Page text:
“Kelsi was there for me when I first came into the jocks’ room,” Hebert said. “She showed me how to put on all my gear. She is cool, down-to-earth, and kind-hearted. She has been doing well here for several years. That set things up for other girls to come.”

Bacarra Rice Pettis is a retired jockey who also mentored Hebert.

“Over the years she has given me a lot of good advice and she’s helped me get opportunities.

Her husband is an assistant trainer to Genaro Garcia, and they travel in an RV where work takes them. Hebert says being a jockey is very tough physically and mentally.

“It’s a big surprise to see as many as we have, but it’s great. I’m super-excited to have all the girls.”

Kylee Jordan

Jordan on opening day at Oaklawn. (Coady Photography)

Kylee Jordan grew up at Prairie Meadows Racetrack with her father, trainer Todd Jordan, who runs a small operation in the summers and works as a plumber during the winter.

Last year was Kylee Jordan’s first full year of horse racing. She was the leading rider at Will Rogers Downs and Prairie Meadows, where she booted home 81 winners, including four juvenile stakes with Tyler’s Tribe. She then piloted him in the Breeders’ Cup Juvenile Turf Sprint. This is her second year at Oaklawn.

She was inspired by Cindy Murphy, whose record Harr just exceeded. Murphy rode for Jordan’s dad in Iowa. 

“I haven’t been in a jockey room with a ton of girls before,” Jordan said. “It’s pretty exciting to know that the girls’ jock colony is growing. That they’re getting a lot of mounts. There are still people who don’t like to put girls on mounts, but it’s exciting to see how much the game has changed.”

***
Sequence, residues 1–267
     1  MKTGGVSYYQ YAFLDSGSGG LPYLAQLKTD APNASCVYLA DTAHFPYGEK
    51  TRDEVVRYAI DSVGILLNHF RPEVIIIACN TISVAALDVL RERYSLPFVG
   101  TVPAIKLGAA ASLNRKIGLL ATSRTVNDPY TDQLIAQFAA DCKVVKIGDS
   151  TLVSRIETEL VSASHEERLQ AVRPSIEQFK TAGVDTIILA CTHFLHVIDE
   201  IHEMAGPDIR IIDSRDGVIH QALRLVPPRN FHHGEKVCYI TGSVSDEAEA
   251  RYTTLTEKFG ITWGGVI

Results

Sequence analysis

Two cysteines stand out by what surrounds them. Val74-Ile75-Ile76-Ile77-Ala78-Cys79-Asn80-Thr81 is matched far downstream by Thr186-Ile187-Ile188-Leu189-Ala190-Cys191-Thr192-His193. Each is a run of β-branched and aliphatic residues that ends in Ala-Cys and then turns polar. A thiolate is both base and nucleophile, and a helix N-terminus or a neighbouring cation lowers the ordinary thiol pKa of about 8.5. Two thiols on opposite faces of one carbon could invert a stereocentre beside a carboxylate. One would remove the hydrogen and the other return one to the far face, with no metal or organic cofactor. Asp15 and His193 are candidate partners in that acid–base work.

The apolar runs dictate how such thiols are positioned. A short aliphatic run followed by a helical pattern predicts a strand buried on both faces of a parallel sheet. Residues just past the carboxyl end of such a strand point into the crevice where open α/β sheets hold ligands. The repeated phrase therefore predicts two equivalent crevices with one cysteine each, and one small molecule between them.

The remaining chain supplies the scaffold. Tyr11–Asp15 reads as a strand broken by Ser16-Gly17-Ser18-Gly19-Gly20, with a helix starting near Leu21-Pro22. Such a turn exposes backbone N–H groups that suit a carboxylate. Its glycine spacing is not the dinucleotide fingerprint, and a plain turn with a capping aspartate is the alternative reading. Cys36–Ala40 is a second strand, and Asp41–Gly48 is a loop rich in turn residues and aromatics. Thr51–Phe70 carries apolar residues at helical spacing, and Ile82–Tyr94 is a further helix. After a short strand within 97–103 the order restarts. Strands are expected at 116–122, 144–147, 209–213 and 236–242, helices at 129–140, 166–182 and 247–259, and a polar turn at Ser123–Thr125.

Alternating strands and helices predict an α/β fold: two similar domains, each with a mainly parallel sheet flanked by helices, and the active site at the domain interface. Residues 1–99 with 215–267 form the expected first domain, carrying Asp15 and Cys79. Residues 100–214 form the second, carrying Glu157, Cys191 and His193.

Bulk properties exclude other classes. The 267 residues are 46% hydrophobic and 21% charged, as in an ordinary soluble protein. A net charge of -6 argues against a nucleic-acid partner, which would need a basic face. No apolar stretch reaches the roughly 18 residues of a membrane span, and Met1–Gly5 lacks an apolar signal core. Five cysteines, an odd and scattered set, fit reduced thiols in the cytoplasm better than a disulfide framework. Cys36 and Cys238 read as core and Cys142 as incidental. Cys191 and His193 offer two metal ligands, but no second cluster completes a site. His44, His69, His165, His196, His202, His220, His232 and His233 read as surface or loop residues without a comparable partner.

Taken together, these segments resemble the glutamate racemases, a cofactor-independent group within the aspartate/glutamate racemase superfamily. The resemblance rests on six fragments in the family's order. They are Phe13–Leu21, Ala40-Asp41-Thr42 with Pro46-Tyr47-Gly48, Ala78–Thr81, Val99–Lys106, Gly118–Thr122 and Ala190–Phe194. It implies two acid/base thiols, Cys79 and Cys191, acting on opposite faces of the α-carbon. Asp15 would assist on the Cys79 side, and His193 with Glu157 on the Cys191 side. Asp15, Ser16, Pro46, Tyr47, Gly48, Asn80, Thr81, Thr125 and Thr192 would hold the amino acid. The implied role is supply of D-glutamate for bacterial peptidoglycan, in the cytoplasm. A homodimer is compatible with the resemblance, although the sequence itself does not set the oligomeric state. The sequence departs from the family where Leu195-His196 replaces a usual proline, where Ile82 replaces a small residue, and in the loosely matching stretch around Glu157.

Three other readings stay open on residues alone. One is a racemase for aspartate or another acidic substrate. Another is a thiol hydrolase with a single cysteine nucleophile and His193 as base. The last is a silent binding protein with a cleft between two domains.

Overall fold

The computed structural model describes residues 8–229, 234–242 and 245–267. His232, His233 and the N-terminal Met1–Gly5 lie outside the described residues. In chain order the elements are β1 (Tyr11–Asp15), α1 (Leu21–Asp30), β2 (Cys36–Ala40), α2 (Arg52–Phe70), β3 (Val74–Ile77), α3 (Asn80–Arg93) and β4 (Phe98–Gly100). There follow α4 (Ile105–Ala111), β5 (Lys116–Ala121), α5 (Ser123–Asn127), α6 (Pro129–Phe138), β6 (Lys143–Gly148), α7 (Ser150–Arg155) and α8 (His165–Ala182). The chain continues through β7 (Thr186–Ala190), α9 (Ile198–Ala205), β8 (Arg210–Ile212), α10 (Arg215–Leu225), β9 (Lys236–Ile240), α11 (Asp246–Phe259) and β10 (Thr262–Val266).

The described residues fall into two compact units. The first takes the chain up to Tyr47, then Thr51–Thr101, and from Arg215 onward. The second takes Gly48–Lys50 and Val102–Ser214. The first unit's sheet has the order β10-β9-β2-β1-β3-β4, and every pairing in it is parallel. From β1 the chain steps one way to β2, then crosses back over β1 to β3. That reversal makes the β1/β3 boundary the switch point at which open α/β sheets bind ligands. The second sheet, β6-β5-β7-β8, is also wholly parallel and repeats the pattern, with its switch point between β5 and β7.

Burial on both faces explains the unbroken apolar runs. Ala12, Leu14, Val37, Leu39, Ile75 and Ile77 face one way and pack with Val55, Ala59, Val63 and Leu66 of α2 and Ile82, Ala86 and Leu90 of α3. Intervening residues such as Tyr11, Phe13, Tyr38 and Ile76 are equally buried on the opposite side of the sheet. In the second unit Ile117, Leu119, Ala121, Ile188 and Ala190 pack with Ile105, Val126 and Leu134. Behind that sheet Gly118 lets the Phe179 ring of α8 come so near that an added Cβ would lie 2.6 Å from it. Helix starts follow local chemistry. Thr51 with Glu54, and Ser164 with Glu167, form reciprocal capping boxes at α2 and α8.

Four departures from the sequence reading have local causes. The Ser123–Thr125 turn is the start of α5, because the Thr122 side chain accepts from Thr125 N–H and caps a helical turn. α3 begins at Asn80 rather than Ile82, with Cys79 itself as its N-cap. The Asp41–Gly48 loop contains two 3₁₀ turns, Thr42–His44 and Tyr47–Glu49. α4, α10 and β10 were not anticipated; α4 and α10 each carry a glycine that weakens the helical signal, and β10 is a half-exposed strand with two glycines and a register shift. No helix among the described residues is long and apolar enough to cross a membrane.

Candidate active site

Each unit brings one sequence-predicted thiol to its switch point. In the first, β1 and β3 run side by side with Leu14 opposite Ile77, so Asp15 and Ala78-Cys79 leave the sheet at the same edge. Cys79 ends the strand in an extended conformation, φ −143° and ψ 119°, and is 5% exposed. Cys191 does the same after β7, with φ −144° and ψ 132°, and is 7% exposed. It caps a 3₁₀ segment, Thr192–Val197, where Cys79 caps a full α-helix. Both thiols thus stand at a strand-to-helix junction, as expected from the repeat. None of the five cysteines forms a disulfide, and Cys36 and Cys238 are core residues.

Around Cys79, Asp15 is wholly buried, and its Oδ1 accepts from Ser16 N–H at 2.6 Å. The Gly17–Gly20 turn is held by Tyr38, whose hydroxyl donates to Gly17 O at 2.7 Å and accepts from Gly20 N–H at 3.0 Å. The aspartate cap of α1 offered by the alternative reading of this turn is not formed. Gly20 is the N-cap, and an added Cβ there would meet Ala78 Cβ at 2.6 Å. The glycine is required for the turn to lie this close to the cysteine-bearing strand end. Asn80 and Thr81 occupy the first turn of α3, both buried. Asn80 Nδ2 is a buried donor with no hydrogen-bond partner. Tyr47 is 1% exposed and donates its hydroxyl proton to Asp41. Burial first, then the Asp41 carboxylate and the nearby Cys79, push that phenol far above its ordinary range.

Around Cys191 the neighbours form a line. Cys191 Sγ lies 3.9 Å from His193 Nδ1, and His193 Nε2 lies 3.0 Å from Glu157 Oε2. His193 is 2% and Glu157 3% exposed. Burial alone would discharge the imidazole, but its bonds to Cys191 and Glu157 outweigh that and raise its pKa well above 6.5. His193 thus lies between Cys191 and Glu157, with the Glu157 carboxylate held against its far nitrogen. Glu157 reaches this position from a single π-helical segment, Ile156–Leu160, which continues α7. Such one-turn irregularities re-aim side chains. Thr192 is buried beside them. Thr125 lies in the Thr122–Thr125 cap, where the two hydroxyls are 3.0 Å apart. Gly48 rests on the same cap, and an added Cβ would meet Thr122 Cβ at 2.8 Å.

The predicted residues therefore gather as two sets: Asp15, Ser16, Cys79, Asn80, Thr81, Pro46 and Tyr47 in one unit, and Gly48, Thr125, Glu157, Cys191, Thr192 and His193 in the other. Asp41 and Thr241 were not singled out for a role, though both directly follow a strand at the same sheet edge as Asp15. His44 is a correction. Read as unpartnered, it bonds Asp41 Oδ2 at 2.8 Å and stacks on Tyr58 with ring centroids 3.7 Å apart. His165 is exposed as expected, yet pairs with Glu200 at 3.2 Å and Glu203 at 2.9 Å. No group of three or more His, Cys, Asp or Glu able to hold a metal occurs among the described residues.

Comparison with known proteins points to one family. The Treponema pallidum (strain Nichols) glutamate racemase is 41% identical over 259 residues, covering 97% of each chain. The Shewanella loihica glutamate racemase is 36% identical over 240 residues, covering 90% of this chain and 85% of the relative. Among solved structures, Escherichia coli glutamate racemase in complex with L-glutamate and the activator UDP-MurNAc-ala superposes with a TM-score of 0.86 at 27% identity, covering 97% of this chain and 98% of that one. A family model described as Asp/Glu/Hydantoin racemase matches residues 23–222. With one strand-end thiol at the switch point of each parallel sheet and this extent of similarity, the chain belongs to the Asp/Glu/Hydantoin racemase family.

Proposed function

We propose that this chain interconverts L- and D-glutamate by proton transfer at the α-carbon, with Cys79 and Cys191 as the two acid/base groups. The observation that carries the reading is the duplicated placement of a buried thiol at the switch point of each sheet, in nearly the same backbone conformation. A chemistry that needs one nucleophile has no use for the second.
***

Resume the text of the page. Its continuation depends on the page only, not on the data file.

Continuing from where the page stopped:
Jordan said that, in addition to riding Tyler’s Tribe, her best moments as a jockey include winning for her dad. She is also excited about a win on a 60-1 longshot that occurred earlier this month.  

Mickaelle Michel

Michel's first U.S. win in July 2022 at Ellis Park. (Coady Photography)

French jockey Mickaelle Michel has ridden in 12 countries, won races in eight and stakes in four. Her resume includes being France’s champion apprentice in 2018 and, in 2020, winning 30 races in Japan and a Group 2 race in Italy. She decided to come to the United States last year, and she made her first start in May at Churchill Downs.

At Churchill, she started working with Hall of Fame trainer D. Wayne Lukas, who suggested she come to Oaklawn. Among the horses Michel began working for Lukas was Secret Oath, the 2022 multiple Oaklawn stakes winner/Kentucky Oaks winner. Michel also began securing mounts for Lukas in the afternoon.

“I am so happy to come here and get confidence and learn from a trainer like him,” Michel said.

Michel said her female peers work hard and are very motivated.

“Often, when trainers meet us, they see the female and not the jockey. We work really hard to be strong and prove our place.”

She knew Bailey from Kentucky, and Bailey introduced her in the jockeys’ room. Michel said they enjoy each of the good races that come from the group.

“When one girl wins, all of us win,” she said.